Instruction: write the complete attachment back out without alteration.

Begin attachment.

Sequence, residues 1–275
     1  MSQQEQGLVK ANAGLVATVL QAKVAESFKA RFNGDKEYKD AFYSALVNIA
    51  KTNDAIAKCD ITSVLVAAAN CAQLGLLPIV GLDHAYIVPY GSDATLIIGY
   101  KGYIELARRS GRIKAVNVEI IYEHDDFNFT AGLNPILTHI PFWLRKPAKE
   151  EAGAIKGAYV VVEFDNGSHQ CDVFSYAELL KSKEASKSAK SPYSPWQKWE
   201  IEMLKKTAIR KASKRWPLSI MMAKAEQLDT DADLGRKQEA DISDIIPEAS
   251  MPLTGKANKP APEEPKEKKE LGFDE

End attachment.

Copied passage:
Sequence, residues 1–275
     1  MSQQEQGLVK ANAGLVATVL QAKVAESFKA RFNGDKEYKD AFYSALVNIA
    51  KTNDAIAKCD ITSVLVAAAN CAQLGLLPIV GLDHAYIVPY GSDATLIIGY
   101  KGYIELARRS GRIKAVNVEI IYEHDDFNFT AGLNPILTHI PFWLRKPAKE
   151  EAGAIKGAYV VVEFDNGSHQ CDVFSYAELL KSKEASKSAK SPYSPWQKWE
   201  IEMLKKTAIR KASKRWPLSI MMAKAEQLDT DADLGRKQEA DISDIIPEAS
   251  MPLTGKANKP APEEPKEKKE LGFDE